'The location: the observer is standing outside the back door of the Gill's house, Hopkin's Crank. The stepped bridge buttress you see in the bottom left-hand corner supports the wall of the kitchen. The left-hand branch of the two buildings was a wood shed. In the smaller an old man, one legged, a man about the place called Tom Weller used to sleep, but he was dead by 1924 and it was just a shed. The triangular shaped construction... (was) a hen coop, for a broody hen....

‘The doll in the foreground tossed on the ground, is a touching symbol of the abandonment of the things of a child. Her name was Brynhilda...’

There is another description of the garden and orchard behind Hopkin's Crank in Desmond Chute, Blackfriars, Dec. 1950.

Petra helped to look after the geese and chickens. Their inclusion is typical of the artist's well-known interest in animals and birds. Traditionally geese are a symbol of Mother Earth and are linked with destiny. They are also associated with young girls. The artist was probably aware of this and may have been thinking of the fairytale ‘The Little Goose Girl’. He also believed that animals instinctively reacted to various moods which would seem to explain why he showed the geese running away from the embracing couple.

In conversation with the compiler, Paul Hills suggested that the leafy green shapes and the stylized forms of the tree trunks show Paul Nash's influence. Furthermore, Denis Tegetmeier told the compiler that Jones was friendly with Ben Nicholson at this time. The feeling of enclosure in T02013 looks forward to the Welsh landscapes of 1925. (See Paul Hills, Agenda No. 110 No. 4). The primitiveness was an interest shared by all the Gill circle. As David Jones himself said: ‘My work at this period was stylized, conventionalized and heavily influenced by theory and imitative of Christian art’. (Taken from notes in the Tate file made by the artist, 5th September 1935).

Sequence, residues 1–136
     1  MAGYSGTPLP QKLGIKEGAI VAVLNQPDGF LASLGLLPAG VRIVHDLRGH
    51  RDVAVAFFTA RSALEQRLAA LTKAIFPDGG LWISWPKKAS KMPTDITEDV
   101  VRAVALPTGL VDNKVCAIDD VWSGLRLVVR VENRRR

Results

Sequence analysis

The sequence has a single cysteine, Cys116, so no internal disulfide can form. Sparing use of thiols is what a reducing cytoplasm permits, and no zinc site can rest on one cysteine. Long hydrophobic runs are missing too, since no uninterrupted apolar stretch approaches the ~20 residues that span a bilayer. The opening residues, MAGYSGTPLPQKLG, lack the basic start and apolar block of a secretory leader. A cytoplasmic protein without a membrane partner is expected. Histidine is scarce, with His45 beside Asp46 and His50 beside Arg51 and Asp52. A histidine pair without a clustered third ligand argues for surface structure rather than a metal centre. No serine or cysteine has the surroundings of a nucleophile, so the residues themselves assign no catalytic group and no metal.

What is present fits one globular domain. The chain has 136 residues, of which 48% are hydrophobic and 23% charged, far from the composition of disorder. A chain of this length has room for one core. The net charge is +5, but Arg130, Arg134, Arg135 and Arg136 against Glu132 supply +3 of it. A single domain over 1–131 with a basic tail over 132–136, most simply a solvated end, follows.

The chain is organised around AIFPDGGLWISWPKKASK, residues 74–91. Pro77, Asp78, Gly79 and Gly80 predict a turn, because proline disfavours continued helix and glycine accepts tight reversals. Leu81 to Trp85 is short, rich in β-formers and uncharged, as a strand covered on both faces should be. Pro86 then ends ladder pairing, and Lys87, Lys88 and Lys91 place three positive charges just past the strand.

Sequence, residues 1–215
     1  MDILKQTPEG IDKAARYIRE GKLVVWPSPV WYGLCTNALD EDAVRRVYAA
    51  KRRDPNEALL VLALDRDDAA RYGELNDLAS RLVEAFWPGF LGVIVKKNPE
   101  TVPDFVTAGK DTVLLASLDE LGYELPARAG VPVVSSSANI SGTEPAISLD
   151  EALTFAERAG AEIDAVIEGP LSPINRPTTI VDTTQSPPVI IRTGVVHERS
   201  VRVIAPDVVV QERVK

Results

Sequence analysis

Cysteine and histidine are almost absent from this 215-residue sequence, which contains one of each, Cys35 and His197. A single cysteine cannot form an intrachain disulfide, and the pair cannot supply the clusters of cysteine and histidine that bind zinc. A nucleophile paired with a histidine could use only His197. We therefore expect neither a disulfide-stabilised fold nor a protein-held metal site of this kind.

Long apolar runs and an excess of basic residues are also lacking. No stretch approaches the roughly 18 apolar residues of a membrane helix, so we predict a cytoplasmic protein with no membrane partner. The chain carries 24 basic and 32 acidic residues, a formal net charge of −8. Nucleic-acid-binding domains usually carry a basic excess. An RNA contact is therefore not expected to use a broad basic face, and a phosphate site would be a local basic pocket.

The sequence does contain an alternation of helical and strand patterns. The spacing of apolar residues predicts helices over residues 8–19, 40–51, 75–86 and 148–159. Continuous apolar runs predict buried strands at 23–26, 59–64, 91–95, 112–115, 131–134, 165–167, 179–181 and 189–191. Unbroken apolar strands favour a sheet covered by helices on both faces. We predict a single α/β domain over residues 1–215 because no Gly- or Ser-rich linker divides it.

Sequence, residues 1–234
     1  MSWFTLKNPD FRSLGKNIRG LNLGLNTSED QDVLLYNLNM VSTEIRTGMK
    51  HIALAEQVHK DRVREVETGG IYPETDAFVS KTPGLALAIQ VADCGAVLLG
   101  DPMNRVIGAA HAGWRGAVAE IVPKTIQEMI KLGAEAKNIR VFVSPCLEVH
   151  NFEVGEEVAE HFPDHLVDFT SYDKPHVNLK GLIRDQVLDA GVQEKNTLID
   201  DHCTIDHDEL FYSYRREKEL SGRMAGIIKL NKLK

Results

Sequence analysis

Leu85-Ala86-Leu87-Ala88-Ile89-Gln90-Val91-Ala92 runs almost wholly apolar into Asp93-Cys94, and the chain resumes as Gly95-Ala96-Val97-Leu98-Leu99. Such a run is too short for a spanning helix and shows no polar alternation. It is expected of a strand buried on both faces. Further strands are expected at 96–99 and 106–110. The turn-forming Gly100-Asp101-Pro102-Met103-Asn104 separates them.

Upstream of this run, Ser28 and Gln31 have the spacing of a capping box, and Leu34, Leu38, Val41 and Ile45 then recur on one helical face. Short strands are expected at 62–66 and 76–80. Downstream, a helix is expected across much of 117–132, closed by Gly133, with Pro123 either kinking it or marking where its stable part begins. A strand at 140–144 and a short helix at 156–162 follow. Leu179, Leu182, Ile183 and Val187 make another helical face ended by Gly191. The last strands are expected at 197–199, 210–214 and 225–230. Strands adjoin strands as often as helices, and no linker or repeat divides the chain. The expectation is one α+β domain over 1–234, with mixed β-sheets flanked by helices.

David Jones did not paint many other paintings and he gave it up altogether, according to Denis Tegetmeier because it was too messy. In a letter to the compiler 26th May 1976 René Hague wrote:

‘We have here an interesting accompaniment to this picture, a square-ish one (19 1/2 in.×14 1/2 in.) of the same type and period, which is drawn from the other end, from outside the two buildings in your picture, so that you see the buttress, kitchen window, door etc., (no figures)’.

This may have been the work David Jones called ‘The Garden Path’ which he showed at the Goupil Gallery in 1924 with T02013. Also a watercolour called ‘The Lovers’ was shown which may have been a preparatory study. Another watercolour (coll. Mr and Mrs Denis Tegetmeier) shows Petra standing alone in the garden on the brick path with a small cat beside her. And an earlier watercolour study also owned by the Tegetmeiers depicts The Visitation in Hopkin's Crank garden with the brick path and the buttress of the house showing.

Published in:
The Tate Gallery 1974-6: Illustrated Catalogue of Acquisitions, London 1978